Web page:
FOR IMMEDIATE RELEASE
August 1, 2012
Commentary by Alan Merrill, MFU President
MFU President on farm bill
Montana right now is facing two kinds of disasters: the drought that is changing our physical landscape, and the unwillingness of Congressional leadership in the House to act responsibly and immediately on Farm Bill legislation.
The Farm Bill is an extensive, omnibus piece of legislation that is reauthorized roughly every five years. ‘Farm bill’ is really a misnomer, because although the legislation does contain a number of provisions that are critical to family farmers, ranchers, and fruit and vegetable growers, more than 75 percent of the bill’s funding is allocated for nutrition assistance for the underprivileged, both in the United States and abroad.
Much of the remaining provisions relate to rural business development, incentives for renewable energy production, and protection of our country’s most precious natural resources. So, the farm bill is really a food, energy and jobs bill that should concern us all.
Montana Farmers Union is calling for Congress to pass the Farm Bill before it expires on September 30, 2012. Here is the timeline we are dealing with: The U.S. Senate passed farm bill legislation in mid June. The House Agriculture Committee passed its legislation on July 11. Since then little interest has been expressed by House leadership to move the bill to the House floor. Now, with the current 2008 Farm Bill set to expire early this fall, the U.S. House leadership changes its mind daily on how to proceed.
First they stalled; next they proposed a one-year extension of the current bill; the latest suggestion is to address the disaster situation in the country in a stand-alone bill. We still don’t know the plan for the next five years.
On the surface an extension may seem like a reasonable plan given that the House has just 12 working days from July 30 through the end of September. But, as with many things, there is more to the story. The proposed one-year extension is a ploy that won’t be helpful to Montana agriculture. Unlike the 1996 and 2002 farm bills, there are significant consequences with a straight extension of the 2008 farm bill. If there is an extension, a total of 37 programs will go unfunded because discretionary – not mandatory funding – was attached to them. The one-year extension will cut the conservation title. It also cuts mandatory funding from beginning farmer and rancher programs, renewable energy efforts, direct-to-consumer marketing programs and others.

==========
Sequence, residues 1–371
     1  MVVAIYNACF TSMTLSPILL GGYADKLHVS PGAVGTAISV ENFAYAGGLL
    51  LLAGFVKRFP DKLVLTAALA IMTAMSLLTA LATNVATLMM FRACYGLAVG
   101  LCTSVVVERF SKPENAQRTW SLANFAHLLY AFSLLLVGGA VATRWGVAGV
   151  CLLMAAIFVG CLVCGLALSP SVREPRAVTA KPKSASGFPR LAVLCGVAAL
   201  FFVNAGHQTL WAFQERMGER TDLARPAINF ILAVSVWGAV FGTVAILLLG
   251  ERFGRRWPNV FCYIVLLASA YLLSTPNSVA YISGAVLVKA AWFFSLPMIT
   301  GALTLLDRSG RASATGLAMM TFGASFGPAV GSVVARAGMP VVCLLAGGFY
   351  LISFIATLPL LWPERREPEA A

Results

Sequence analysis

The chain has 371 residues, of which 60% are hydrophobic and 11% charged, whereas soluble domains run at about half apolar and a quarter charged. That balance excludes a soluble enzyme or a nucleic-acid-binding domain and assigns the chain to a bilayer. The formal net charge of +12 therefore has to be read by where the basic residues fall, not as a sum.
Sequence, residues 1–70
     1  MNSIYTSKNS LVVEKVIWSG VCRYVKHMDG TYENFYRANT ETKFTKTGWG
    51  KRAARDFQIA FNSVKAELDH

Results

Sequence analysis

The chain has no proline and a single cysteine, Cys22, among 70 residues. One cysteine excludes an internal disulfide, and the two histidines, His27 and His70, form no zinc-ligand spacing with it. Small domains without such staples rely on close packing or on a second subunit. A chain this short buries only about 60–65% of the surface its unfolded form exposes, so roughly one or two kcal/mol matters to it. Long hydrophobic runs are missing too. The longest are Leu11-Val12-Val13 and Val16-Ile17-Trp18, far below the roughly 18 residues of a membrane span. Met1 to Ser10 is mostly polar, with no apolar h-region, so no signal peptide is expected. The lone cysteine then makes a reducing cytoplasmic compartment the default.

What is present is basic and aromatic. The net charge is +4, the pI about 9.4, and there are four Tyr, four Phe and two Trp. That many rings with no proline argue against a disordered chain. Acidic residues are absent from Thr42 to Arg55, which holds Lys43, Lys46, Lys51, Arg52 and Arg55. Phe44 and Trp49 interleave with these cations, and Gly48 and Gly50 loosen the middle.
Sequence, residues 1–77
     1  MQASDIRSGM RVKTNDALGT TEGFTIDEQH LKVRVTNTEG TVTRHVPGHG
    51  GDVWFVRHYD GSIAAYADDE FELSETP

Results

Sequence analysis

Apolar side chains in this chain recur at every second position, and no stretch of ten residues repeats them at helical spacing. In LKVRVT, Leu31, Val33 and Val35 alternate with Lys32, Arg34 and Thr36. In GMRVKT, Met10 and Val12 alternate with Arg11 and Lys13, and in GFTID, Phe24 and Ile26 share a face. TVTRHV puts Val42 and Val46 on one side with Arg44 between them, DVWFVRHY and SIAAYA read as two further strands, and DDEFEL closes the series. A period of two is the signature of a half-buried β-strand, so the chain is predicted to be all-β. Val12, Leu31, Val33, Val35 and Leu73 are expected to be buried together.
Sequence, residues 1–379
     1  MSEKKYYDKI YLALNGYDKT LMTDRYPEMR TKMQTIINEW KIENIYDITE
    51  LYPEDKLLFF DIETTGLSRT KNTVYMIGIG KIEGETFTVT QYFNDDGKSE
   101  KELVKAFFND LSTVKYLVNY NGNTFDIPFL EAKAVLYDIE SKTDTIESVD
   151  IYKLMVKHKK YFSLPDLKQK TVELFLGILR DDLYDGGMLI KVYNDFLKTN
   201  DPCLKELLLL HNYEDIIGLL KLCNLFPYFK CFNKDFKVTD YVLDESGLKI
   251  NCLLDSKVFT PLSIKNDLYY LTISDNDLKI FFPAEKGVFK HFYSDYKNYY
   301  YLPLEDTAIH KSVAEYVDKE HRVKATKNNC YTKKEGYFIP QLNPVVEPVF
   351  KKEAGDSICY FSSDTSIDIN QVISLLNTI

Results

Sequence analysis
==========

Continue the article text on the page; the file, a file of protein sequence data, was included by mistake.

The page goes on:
The Senate’s bill retains many of these 37 programs – funded with savings elsewhere in the bill. The same is true of the House Agriculture Committee’s bill that passed out of committee. However, if the 2008 bill is extended, the House will have to re-write their bill to either find an additional $9 billion to pay for the 37 programs, or restructure their bill to make up for the loss of these programs.
With the budget situation the government is facing and the lack of political interest among House leadership, the chances of finding an additional $9 billion dollars is next to zero.
National Farmers Union is on record that it will only support an extension if the next step is to conference a comprehensive five-year farm bill before the September 30 expiration date. We agree. There is much at stake that we don’t want to lose, including disaster assistance, which is essential throughout the country.
Much of the country is in the midst of an historic drought, and disaster programs are among the 37 programs that have already or will permanently expire without a new farm bill. Our country’s farmers and ranchers deserve some assistance and certainty during this critical time. According to the national press, over the past 50 years never has the House Agricultural Committee approved a bill out of committee and House leadership not brought it to the floor for a full vote.
While the working time available is short between now and the end of September, with sufficient political will there is time to pass a Farm Bill before it expires. We call on a bipartisan effort to do so.